This dissertation is based on the observation that Herman Melville's "Bartleby, the Scrivener" has become a popular reference in contemporary culture. Not only in the field of literary scholarship but also in the realm of art, political theory and philosophy, it is employed as an example of authentic resistance to power, a counter-intuitive politics that finds its strength in withdrawal, inaction, and inscrutability. The thesis examines the reasons and motives that drive literary scholars, artists and philosophers to read, interpret and use the story in such a way. It does so by analyzing the nature of and reoccurring patterns in Bartleby Industry, the enormous bulk of academic scholarship devoted to the story. It observes how the story is made use of outside of literary scholarship by disciplines, such as art and philosophy, that are not primarily concerned with the literary complexity of the story but use it to work on their own problems of politics and ethics. It pays special attention to its popularity among influential Postmarxist philosophers, namely Slavoj Žižek, Giorgio Agamben and Gilles Deleuze. As the presence of "Bartleby" in the realm of philosophy has to do with a particular function literature performs in that field, in these chapters "Bartleby" becomes more of a guiding thread in order to...
Hidden Treason: Aspects of the Protagonist's Action in Ralph Ellison's Invisible Man
Redchitc, Daria ; Robbins, David Lee (advisor) ; Veselá, Pavla (referee)
BA Thesis Abstract From the very moment of its publication in 1952 Invisible Man by Ralph Waldo Ellison has been widely discussed by critics but, in my view, the Prologue did not receive due attention. In my thesis I am going to argue that it is exactly in the Prologue where the readers can see Invisible Man in full action, although he himself seems to overlook it even in the Epilogue, in which the protagonist is still uncertain about his future action. That is possible, for the tone of the whole novel suggests that the protagonist is not as insightful as he may think. Otherwise, if the Prologue is not there to show the readers that the protagonist is actually in full action, the purpose of the Prologue as a mere introductory piece seems to be redundant if one is to bear in mind that in the first paragraph of the first chapter the protagonist repeats the essential information of the Prologue, that is that he is invisible. In my thesis I am going to discuss the protagonist's action in the Prologue and how it serves the purpose of the entire novel, the key activity being the "fight against Monopolated Light & Power" which could be read on two levels: as straightforward civil disobedience and as symbolic artistic manifesto. The former concept is significant in the range of the whole novel and American...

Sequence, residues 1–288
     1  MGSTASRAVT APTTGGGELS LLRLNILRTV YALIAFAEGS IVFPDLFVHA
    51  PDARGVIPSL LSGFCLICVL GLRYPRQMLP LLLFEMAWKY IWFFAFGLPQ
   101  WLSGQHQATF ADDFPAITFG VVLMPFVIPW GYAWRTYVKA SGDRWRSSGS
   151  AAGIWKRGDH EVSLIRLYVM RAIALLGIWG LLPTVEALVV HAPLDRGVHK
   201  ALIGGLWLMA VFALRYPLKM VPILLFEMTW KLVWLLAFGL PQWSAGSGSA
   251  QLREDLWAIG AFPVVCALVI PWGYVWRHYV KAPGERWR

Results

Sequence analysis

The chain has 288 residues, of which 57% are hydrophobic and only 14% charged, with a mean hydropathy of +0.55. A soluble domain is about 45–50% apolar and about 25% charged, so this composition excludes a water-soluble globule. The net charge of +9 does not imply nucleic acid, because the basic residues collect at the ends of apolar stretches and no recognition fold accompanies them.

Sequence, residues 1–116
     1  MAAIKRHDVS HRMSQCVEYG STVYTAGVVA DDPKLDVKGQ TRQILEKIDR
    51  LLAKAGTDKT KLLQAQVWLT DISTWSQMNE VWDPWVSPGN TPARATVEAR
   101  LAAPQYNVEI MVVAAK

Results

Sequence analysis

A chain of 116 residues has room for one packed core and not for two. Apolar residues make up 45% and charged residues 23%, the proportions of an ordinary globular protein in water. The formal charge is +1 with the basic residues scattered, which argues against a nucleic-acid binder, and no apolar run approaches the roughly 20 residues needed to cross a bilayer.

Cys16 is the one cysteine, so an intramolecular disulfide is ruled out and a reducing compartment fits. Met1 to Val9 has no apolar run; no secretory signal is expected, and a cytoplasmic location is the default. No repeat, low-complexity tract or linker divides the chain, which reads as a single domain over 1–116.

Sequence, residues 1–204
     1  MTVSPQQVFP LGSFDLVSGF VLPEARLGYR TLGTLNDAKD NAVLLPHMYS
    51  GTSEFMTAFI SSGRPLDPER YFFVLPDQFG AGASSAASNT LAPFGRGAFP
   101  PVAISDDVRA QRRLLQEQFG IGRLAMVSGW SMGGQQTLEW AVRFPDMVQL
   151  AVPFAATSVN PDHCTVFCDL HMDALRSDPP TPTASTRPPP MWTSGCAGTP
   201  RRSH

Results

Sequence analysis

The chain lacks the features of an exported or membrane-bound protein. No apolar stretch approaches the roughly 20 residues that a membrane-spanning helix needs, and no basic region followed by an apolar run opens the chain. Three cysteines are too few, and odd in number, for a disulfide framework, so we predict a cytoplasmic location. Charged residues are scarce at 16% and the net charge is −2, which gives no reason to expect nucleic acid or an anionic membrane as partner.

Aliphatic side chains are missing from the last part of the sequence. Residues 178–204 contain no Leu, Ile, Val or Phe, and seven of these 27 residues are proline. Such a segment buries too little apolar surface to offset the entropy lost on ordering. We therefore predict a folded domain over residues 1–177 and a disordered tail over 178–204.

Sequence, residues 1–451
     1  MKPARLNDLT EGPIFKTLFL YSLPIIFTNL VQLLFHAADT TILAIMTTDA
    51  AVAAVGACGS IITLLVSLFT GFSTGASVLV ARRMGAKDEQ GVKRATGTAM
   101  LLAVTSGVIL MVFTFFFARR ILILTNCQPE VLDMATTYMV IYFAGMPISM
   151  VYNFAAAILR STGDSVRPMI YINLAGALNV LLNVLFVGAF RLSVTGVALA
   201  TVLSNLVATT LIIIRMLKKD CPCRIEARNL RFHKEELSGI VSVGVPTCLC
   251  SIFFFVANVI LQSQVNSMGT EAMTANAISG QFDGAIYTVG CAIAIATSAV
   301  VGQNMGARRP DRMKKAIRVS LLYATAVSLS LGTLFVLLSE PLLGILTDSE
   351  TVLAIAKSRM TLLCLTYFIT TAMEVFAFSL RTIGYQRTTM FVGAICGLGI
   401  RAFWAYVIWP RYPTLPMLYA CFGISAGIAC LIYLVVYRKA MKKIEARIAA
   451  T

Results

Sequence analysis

The African-American Slave Narrative in Context: Frederick Douglass and Harriet Ann Jacobs
Chýlková, Jana ; Veselá, Pavla (advisor) ; Robbins, David Lee (referee)